After fermentation, the product is heavily clouded with grain solids and is generally filtered, except in the case of nigori sake. Generally, the product is not aged because consumers prefer the flavor of the fresh product, which degrades quickly in the presence of light, air, and heat. A few varieties of aged sake serve a niche market, however.
In Japanese, a sake brewery is called a kura (蔵, "warehouse").
Types of Brewing Process
By varying the brewing process, many different types of sake can be created. Categorized by brewing method, there are several types of sake:
- Kimoto (生酛) is the traditional, orthodox method for brewing sake which has been in use for at least three hundred years, though it is very rare today. The mash is hand beaten and made into a paste which then ferments.
- Yamahai (山廃) is a traditional method of brewing sake introduced in the early 1900s, where the starter or "moto" is left for a month to allow it to sour. The method was originally developed to speed production time, however, now it is used to impart a higher acidity and complex flavors.
- Sokujō (速醸) is the modern sake which is made by adding a small amount of lactic acid to the mash to speed the production time. Sokujō sake tends to have a cleaner flavor than Kimoto or Yamahai.
- Namazake (生酒) is sake that has not been pasteurized and is best served chilled, and may be made with any of the above ingredients, or brewing processes.
- Genshu (原酒), supposed to be undiluted junmai sake, around 18-20 percent alcohol by volume. Most genshu is honjōzō-shu to make it more economical, however, the method of sake brewing is growing in popularity among premium brands as well.
- Muroka (無濾過), means unfiltered. This type of sake is made as traditional seishu (not nigorizake), but does not go through the charcoal filtering, so there is a small amount of cloudiness. In recent years, muroka nama genshu sake is growing in popularity because it has a flavor profile large enough to complement full-flavored western foods.
- Nigorizake (濁り酒), is cloudy sake. The sake is passed through a very loose weave to separate it from the mash. It is not filtered any further and there is considerable rice sediment in the bottle. Before serving, the bottle is shaken to mix the sediment and turn the sake white or cloudy.
- Doburoku (濁酒) is the classic home-brew style of sake and is traditionally a cloudy milky color, as the most delicious flavors are found in the white residue. Doburoku is created by adding steamed rice at the end of fermentation, starting a second fermentation and raising the alcohol level. It is also unpasteurized. Please note that although the kanji for doburoku and nigorizake are the same and both are opaque, they are in fact different styles of sake, with doburoku being the "chunkier" of the two.
By creating a starter-culture of micro-organisms, a higher-quality brew is possible. The starter-culture, called "moto" (酛) is stored at 5-10°C, allowing the lactic acid micro-organisms to become dominant in the culture. Lactic acid is important to flavor and prevents unwanted bacteria. The rice, kōji, and water are added at three separate stages. The mixture is called moromi (醪 or 諸味), and grows in mass by three additions. By initiating a brew with a starter-culture, the alcohol levels of subsequent batches of moromi are slightly increased.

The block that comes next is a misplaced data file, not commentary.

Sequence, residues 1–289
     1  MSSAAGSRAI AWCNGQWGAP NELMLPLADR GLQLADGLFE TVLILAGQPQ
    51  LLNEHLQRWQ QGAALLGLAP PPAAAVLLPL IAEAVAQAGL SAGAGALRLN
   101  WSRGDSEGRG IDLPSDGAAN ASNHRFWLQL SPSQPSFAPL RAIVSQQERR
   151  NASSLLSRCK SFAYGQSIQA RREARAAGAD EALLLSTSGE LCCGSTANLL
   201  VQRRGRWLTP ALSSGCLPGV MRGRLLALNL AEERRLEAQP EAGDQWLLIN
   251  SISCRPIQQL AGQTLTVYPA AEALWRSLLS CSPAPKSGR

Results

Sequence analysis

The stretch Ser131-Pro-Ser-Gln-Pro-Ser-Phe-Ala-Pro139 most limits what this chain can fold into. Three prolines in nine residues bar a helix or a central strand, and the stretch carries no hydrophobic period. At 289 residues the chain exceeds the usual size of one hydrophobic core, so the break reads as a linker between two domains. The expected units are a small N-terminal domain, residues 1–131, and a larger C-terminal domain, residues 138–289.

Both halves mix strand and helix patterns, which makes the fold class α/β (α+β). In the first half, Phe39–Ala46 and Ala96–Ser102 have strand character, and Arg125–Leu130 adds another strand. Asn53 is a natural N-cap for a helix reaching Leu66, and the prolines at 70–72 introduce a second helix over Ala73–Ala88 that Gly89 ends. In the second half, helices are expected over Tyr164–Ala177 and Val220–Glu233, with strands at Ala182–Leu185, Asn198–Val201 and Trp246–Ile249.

There are two basic types of sake; futsū-shu (普通酒), "normal sake"; and tokutei meishōshu (特定名称酒), "special designation sake." Futsū-shu does not qualify for any special designation; it is the equivalent of table wine and represents over 75 percent of all sake produced. The tokutei meishōshu, or "special designation sake," is distinguished by the degree to which the rice is polished and the added percentage of jōzō alcohol, or absence of such additives.
There are four types of tokutei meishōshu (actually six, due to mixing and matching the junmai and ginjō varieties).
- honjōzō-shu (本醸造), with a slight amount of distilled alcohol added. The distilled alcohol helps pull some extra flavors out of the mash. This term was created in the late 1960s to describe the difference between it (a premium, flavorful sake) and cheaply-made liquors to which large amounts of alcohol were added simply to increase volume and/or give it a high alcohol content.
- junmai-shu (純米酒, literally "pure rice wine"), made purely from rice. Prior to 2004, the Japanese government mandated that at least 30 percent of the rice must be polished away, and no alcohol added, if the sake was to be considered junmai. Today, it can represent any sake milled to any degree, as long as it does not contain any additives or distilled alcohol.
- ginjō-shu (吟醸酒), rice weight polished to 50-60 percent.
- daiginjō-shu (大吟醸酒), rice weight polished to 50 percent or less.
The term junmai can be added in front of either ginjō or daiginjō if no alcohol is added, to result in either junmai ginjō or junmai daiginjō. However, distilled alcohol often is added in small amounts to ginjō and daiginjō to heighten the aroma, not to increase volume, so a junmai daiginjō without added alcohol is not necessarily a better product than daiginjō. In fact, most brews that win the gold medals at the Hiroshima Kanpyōkai (one of the most prestigious judging events) cannot be called junmai due to the small amounts of alcohol added.
In addition, there are some other terms commonly used to describe sake:
- kuroshu (黒酒), sake using unpolished rice (brown rice), more like the Chinese production method.
- koshu (古酒), aged sake. Most sake does not age well but this specially-made type can age for decades, turning the sake yellow and giving it a honeyed flavor.
- taruzake (樽酒), sake aged in cedar barrels. The barrel aging gives this type its characteristic spiciness. Taruzake also refers to sake casks broken open to celebrate the opening of buildings, businesses, and at special occasions. As the cedar barrels impart a flavor to the sake, premium sake is rarely used for this type.
- seishu (清酒), the official name for Japanese sake, but excluding nigorizake and doburoku.